SADOW: Bossier City’s Carriageway Project Is A Major Money Sink

Take a handful of politicians desirous of creating monuments with other peoples’ money, throw in their favored contactor shielded from competition, and you get the sinkhole that has become Bossier City’s Walter O. Bigby Carriageway, spending on which has contributed to Bossier Citians having the highest per capita debt of any significant city in Louisiana, by far.

It’s not that the expressway, which latches onto the northern end of the Arthur Ray Teague Parkway (at one time it was known as the Parkway North Project) that when completed at Benton Road/Citizens Bank Drive will provide north-south access across the city with no railway crossings and few controlled intersections, is inherently a bad idea. It’s that a number of city councilors – with Democrat Bubba Williams, no party Jeff Darby, and Republicans Jeff Free and David Montgomery still in office from the project’s start – have taken such a cavalier attitude about the taxpayer dollars involved, fueled by placing overall management of the project since 2019 in the hands of Manchac Engineering, acting as city engineer but with a no-bid contract and thereby having reduced incentive to hold costs down.

Add to this that the project’s price presented for public consumption keeps varying and has become subject to substantial extras that in some cases should have been anticipated. Funding originally for it came from a bond issue in 2015, at the time named the 2015 LCDA Bond Fund (“LCDA” stands for the state agency that originated the loan, the Louisiana Local Government Environmental Facilities and Community Development Authority). The original purpose was for funding both the downtown revitalization project now basically completed and the WOBC, for $50 million. By 2016 with little activity on both accounts the balance had grown to nearly $52 million.

With work commencing, by 2017 it was down to $42.5 million. But by 2018 it was joined by another bond issue, dumped into a fund named the 2018 LCDA Bond Fund. Whereas the 2015 version had the two specific purposes attached to it – by 2019 the carriageway portion funneled into the W.O.B. Carriageway Capital Projects Fund – the 2018 version approved by the LCDA was for the nebulous purpose of “funding various capital projects as need arises.” Perhaps a more accurate name would be “City Council’s Capital Outlay Blank Check/Slush Fund,” because now politicians had a pot of money to dip into at any time for any reason as long as it had some kind of connection to brick and mortar.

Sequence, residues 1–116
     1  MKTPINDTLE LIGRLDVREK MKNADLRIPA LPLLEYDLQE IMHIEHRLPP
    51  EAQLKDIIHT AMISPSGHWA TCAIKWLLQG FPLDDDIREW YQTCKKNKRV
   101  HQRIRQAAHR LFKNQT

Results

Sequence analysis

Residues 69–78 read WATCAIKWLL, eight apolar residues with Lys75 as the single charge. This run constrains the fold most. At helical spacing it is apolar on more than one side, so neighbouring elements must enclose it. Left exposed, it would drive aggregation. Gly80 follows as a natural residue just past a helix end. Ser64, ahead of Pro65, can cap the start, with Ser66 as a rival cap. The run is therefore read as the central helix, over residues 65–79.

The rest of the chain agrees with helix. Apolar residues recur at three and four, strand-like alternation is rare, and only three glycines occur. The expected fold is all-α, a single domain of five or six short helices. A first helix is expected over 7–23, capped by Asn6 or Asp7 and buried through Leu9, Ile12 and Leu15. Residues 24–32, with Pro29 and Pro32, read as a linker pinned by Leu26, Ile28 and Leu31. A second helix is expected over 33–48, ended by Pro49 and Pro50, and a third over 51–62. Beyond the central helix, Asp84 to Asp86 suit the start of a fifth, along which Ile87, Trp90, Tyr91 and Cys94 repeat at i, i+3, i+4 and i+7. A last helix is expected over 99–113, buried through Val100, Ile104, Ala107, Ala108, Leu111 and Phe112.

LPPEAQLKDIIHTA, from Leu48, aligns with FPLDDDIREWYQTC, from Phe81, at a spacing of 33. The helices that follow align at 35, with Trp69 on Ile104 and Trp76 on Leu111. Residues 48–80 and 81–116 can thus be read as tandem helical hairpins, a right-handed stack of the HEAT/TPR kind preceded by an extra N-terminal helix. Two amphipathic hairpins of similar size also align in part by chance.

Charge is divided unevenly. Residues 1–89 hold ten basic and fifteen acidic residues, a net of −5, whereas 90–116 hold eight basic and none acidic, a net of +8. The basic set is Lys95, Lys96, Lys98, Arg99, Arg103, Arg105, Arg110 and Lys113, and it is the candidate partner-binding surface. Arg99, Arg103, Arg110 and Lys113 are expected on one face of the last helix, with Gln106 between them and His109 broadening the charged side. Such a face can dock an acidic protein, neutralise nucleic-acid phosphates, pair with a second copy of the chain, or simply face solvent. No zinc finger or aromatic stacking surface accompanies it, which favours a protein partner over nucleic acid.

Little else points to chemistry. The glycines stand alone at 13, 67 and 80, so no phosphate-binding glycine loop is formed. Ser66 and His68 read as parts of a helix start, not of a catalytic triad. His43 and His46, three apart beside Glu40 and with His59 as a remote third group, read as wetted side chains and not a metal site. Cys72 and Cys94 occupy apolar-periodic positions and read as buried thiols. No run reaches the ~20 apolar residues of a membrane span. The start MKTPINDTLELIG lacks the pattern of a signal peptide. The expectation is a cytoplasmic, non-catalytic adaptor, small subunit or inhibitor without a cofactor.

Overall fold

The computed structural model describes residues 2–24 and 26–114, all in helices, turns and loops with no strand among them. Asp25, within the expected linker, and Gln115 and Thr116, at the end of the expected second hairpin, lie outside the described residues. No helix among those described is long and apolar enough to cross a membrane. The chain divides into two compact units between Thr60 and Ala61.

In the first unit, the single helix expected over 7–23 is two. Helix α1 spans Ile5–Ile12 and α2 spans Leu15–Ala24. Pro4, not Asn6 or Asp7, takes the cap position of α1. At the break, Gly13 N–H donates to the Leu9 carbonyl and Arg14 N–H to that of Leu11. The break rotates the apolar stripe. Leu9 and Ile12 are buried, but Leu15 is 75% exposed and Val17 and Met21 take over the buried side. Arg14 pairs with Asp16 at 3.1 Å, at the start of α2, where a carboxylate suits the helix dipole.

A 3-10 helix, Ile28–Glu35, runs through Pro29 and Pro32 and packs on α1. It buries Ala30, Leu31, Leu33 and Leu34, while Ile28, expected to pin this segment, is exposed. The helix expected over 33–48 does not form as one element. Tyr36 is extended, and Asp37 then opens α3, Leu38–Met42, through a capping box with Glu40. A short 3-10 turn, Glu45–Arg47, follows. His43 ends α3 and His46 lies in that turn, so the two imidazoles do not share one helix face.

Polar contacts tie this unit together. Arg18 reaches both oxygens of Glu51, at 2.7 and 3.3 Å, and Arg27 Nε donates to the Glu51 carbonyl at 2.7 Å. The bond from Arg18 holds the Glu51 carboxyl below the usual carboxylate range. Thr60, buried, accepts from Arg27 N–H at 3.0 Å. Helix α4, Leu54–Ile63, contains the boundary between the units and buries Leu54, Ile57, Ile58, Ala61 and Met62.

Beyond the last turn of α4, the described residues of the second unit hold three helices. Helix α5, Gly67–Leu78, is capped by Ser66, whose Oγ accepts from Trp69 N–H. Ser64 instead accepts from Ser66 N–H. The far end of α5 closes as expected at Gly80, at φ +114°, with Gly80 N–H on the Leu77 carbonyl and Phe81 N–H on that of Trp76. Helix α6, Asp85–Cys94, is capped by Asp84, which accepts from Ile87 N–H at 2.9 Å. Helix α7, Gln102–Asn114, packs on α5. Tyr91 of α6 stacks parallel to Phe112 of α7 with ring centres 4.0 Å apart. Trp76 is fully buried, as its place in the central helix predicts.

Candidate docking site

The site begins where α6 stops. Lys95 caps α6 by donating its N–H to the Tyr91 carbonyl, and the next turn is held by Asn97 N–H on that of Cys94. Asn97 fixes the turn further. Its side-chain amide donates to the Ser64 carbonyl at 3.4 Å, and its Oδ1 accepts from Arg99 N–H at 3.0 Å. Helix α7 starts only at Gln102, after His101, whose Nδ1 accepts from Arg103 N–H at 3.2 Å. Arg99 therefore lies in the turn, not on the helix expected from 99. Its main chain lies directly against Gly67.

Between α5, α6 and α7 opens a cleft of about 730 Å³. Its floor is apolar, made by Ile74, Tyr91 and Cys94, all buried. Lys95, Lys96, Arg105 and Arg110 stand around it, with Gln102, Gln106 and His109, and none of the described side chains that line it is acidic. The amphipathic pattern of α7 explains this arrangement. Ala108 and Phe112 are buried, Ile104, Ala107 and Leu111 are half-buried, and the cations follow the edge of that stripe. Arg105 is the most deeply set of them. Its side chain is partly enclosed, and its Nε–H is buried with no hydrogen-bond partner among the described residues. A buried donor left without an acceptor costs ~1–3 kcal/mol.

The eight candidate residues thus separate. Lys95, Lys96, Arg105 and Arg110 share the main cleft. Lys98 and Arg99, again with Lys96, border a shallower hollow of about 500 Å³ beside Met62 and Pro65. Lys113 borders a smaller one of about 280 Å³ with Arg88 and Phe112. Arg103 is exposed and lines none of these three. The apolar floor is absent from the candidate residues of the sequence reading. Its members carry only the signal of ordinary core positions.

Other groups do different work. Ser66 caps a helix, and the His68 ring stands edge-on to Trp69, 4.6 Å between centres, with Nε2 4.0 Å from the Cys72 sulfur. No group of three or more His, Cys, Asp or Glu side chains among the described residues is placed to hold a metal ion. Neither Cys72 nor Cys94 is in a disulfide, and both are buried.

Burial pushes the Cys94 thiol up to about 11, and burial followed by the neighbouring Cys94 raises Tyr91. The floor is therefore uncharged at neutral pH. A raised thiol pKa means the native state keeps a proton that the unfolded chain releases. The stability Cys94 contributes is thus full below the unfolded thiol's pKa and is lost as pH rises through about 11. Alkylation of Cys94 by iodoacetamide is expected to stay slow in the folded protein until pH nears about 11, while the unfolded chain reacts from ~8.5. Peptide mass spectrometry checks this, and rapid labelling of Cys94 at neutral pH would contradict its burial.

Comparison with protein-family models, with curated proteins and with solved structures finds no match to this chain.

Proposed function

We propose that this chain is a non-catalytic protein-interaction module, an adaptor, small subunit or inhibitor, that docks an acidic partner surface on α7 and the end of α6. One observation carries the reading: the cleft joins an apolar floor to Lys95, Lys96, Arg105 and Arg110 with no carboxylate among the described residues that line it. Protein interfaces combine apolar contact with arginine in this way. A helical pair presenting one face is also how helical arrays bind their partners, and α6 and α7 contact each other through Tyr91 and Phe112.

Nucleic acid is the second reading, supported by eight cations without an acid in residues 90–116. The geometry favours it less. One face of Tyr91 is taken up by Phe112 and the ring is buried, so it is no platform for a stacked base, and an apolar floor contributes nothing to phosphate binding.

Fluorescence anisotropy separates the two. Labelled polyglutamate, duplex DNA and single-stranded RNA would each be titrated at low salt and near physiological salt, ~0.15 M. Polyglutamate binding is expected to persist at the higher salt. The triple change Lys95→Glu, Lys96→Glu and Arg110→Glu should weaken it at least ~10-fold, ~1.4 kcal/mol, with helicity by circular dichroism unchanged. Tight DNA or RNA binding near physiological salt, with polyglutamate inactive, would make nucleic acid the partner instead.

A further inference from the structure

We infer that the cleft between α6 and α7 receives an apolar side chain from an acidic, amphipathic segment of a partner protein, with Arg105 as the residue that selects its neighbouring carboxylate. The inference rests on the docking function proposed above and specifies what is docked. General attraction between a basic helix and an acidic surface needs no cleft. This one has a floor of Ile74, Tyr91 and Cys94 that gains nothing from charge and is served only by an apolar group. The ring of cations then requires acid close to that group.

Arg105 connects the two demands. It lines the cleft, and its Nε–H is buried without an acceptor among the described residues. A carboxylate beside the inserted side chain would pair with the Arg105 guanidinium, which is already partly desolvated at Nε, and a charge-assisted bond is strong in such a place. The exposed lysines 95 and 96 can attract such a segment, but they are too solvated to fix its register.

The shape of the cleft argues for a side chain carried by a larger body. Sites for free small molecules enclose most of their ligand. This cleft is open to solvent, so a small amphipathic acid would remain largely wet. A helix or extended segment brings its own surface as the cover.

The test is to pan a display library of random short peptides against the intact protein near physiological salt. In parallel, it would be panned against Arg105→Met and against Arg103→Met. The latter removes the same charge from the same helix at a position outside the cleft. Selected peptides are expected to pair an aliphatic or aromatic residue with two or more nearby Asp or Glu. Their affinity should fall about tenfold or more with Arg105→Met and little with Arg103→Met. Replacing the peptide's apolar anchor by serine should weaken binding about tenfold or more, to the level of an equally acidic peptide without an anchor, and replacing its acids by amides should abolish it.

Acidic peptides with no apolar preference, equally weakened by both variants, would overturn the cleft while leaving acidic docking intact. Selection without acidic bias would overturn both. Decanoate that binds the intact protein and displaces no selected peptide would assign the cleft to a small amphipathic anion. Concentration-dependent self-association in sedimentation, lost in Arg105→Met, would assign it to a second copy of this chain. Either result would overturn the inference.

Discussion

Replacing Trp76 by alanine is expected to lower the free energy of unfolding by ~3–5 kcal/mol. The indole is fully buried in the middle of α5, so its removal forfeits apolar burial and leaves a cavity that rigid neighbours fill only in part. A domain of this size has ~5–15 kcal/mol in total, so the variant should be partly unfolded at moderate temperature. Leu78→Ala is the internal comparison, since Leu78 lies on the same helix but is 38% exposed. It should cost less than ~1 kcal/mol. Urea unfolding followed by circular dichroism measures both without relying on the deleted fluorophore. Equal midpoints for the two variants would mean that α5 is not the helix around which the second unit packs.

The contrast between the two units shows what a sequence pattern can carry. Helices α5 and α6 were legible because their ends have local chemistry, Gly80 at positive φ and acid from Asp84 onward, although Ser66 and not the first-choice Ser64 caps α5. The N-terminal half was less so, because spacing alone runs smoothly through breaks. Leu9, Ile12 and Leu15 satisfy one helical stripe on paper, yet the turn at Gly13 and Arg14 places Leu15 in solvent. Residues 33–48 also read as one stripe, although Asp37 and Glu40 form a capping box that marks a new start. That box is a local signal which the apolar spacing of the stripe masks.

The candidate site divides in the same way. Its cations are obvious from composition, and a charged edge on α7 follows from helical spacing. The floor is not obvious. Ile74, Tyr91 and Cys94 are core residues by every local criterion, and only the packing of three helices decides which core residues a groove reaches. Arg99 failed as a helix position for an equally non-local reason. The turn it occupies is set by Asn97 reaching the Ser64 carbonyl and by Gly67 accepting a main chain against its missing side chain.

(And keep in mind the Council also dips its bill into other sources of money that end up in the WOBC Fund; for example, at its Dec. 1, 2020 meeting it transferred from the minor Hotel/Motel Tax Fund $1 million and $2 million dollars from the minor Land Acquisition Fund into it, further reducing restraint on spending for the project.)

The initial $60 million raised from the 2018 issue, which climbed above that amount and had few expenditures for its first couple of years, eventually became the main vehicle by which to grow the cost of the WOBC. Meanwhile, public reporting at this time, often taking its cue from the city’s politicians and officials, continued to use a variety of figures for the cost of the entire project, split into two phases: one completion of a roundabout on East Texas Avenue, with the rest extending onwards.

Not long after the first commenced in 2019, one report said the total now would come to $55 million, with Phase I estimated at $11 million. That would grow to $11.5 million because, as typical in roads projects, while any good engineer will try to factor these in always unanticipated costs pop up. However, as then-city engineer Mark Hudson noted, an overrun in this range isn’t remarkable.

But by the time Manchac took over, another media report tagged the cost back at $50 million. Then, Manchac’s employee and designated city engineer Ben Rauschenbach asked for the cost to increase to $12.6 million to finish that segment, meaning costs now had risen by 15 percent over projections. Almost a year later – just as the Council and GOP then-Mayor Lo Walker maneuvered to deliver Manchac a three-year (reduced from five because the city charter disallowed that) extension on its partnership agreement without soliciting bids from competitors – Phase II commenced, at which time in public remarks Walker said the remaining segment would cost $36.2 million leading then-Council President Montgomery to claim the total would come in under $50 million.